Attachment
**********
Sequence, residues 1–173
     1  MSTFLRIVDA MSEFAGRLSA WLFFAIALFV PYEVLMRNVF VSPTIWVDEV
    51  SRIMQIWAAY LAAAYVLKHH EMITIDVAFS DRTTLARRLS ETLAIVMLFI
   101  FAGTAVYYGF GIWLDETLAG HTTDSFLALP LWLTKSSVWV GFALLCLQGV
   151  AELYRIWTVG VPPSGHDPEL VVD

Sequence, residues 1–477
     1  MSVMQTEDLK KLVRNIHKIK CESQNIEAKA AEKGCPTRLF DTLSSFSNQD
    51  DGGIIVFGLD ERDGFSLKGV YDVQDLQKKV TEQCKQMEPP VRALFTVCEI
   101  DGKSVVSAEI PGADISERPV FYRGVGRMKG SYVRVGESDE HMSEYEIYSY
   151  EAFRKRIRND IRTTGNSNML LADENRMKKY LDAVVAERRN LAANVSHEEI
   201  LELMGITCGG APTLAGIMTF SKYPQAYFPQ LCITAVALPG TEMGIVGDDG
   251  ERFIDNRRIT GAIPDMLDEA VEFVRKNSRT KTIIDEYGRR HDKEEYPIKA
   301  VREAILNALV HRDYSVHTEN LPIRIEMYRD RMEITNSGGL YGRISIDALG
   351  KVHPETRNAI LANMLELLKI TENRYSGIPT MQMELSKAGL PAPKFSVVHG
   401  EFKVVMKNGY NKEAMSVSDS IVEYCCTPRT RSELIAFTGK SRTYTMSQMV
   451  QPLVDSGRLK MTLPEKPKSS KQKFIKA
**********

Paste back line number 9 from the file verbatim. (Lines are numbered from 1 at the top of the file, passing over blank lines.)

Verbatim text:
   101  DGKSVVSAEI PGADISERPV FYRGVGRMKG SYVRVGESDE HMSEYEIYSY